U.S. Vets Still Want to Serve | WAMU 88.5 - American University Radio

: News

Filed Under:

U.S. Vets Still Want to Serve

Play associated audio

By Rebecca Sheir

A new study suggests most troops returning from Iraq and Afghanistan want to keep serving their communities.

Ninety percent of the nearly 800 veterans in the study say they'd like to engage in community service. Retired Colonel Robert Gordon believes its what veterans were born to do.

"Having served in the Army for 26 years, I can tell you its a part of our DNA," he says.

But the study, conducted by public-policy firm Civic Enterprises, says most veterans don't engage in community service. because they aren't asked. While seven in 10 vets report receiving offers of assistance from local organizations, two in 10 say theyve been asked to lend a hand.

Robert Gordon hopes to change that with Mission Serve, an initiative he helped launch this week to expand volunteer opportunities for veterans, thereby "restoring the proud tradition of serving those who serve our nation."

At a kick-off at George Washington University, Gordon was joined by Alma Powell, who chairs Americas Promise Alliance, a children's advocacy coalition co-founded by her husband, Colin Powell. She quoted Thomas Jefferson:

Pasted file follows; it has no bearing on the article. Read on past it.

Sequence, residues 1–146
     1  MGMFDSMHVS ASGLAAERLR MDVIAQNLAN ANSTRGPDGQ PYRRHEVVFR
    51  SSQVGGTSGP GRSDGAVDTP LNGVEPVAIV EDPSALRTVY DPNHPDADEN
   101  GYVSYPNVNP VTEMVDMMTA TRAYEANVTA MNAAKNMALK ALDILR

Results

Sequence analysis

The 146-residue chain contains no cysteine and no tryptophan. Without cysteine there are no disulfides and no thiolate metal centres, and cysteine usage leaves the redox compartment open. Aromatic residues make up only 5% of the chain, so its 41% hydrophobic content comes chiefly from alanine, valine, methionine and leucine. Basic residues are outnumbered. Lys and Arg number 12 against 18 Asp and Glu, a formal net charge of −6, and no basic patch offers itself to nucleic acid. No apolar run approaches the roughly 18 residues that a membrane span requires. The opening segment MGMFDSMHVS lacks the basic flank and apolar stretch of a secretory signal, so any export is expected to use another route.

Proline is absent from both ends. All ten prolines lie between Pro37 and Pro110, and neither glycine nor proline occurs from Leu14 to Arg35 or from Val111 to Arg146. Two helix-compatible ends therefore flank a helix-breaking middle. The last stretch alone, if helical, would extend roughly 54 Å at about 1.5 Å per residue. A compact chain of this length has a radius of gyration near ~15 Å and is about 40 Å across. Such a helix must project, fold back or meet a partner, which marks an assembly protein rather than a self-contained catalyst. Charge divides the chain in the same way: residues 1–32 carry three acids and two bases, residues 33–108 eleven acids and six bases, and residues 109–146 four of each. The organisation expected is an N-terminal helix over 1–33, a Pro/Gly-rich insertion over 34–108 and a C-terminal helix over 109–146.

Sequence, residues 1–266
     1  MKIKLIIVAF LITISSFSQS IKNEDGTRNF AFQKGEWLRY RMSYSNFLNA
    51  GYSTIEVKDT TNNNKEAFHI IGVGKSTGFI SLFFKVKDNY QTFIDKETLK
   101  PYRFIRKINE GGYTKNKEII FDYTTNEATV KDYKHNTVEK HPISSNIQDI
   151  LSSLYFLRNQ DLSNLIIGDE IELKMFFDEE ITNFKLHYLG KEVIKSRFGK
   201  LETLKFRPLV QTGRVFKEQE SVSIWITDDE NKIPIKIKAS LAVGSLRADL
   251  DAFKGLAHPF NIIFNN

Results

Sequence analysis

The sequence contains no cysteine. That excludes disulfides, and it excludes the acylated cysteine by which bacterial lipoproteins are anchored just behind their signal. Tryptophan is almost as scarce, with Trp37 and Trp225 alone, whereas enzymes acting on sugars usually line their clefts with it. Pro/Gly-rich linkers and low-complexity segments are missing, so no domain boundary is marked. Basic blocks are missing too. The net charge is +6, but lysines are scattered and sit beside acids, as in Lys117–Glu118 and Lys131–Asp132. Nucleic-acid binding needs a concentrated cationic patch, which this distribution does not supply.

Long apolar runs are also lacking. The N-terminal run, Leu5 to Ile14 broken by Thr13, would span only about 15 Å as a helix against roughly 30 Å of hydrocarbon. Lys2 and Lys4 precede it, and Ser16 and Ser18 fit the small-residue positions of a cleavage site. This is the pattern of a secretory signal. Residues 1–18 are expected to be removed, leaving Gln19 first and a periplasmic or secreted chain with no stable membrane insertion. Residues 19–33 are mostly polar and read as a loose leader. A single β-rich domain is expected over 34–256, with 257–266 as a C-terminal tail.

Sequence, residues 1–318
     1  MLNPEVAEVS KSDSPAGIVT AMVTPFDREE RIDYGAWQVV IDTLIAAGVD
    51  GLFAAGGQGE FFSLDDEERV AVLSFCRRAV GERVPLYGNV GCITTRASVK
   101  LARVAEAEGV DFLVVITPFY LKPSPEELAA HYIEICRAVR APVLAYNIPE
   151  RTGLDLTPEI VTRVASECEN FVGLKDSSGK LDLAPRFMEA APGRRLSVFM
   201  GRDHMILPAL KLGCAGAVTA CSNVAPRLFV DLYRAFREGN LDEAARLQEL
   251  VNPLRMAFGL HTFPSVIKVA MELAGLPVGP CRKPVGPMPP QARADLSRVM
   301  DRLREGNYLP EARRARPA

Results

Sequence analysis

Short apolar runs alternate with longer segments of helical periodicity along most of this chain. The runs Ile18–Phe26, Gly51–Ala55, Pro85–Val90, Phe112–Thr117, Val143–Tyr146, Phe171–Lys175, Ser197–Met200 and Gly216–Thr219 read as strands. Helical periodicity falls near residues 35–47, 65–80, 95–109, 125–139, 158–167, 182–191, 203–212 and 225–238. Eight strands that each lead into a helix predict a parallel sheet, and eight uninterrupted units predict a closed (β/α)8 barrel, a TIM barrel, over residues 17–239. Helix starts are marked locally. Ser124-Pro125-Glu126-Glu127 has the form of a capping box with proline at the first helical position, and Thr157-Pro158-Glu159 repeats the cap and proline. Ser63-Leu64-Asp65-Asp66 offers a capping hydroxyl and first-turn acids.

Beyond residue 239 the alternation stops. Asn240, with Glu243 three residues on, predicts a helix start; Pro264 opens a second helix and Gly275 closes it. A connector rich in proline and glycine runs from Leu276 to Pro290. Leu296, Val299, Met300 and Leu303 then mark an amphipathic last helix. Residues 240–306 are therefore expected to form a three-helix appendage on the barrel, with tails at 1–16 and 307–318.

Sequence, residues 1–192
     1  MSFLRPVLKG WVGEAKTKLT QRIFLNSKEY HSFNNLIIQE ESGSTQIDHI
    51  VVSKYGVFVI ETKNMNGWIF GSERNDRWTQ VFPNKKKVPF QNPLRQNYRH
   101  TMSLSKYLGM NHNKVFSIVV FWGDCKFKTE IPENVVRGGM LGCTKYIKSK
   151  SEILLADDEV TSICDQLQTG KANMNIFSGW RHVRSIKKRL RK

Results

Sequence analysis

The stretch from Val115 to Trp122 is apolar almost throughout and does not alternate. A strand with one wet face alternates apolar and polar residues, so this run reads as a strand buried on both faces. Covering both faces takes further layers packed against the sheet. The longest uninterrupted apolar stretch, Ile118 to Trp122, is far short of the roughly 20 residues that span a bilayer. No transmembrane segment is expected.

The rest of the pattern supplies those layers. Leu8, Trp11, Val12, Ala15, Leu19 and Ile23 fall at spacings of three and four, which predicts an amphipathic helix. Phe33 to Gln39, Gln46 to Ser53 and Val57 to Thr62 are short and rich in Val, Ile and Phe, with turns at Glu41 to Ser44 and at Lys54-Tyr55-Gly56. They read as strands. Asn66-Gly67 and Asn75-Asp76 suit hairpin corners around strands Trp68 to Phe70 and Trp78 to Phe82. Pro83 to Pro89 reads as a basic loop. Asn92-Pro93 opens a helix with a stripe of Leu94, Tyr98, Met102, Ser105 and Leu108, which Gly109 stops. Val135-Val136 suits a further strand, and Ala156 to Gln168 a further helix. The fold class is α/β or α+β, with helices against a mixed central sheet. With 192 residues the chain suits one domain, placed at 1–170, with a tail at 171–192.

"There is a debt of service due from every man to his country, proportion to the bounties which nature and fortune have measured to him. And that's the spirit that is alive here."

Powell and Gordon hope one day 100% of returning troops will be inspired to serve country and community.

To quote one respondent to the study: "Recognize our usefulness. We are not charity cases. We are an American asset."

NPR

'Rum, Rumba, And Romance': A Book On Cuba's Enduring Mystique

This week, President Obama announced that he will begin to normalize relations with Cuba. Cuban-American writer Richard Blanco recommends a book about Cuba's imprint on the American imagination.
NPR

New Cuba Relationship Could Be A Boon For American Farmers

Two-thirds of the food Cubans eat is imported — but the reestablishment of ties with the U.S. could open opportunities for American farmers.
NPR

'Rum, Rumba, And Romance': A Book On Cuba's Enduring Mystique

This week, President Obama announced that he will begin to normalize relations with Cuba. Cuban-American writer Richard Blanco recommends a book about Cuba's imprint on the American imagination.
NPR

Obama Says 'James Flacco.' The Internet Says, Thank You

It was an honest mistake. But when President Obama said "James Flacco" when referring to James Franco — on a Friday before the holidays, no less — the slip was eagerly received online.

Leave a Comment

Help keep the conversation civil. Please refer to our Terms of Use and Code of Conduct before posting your comments.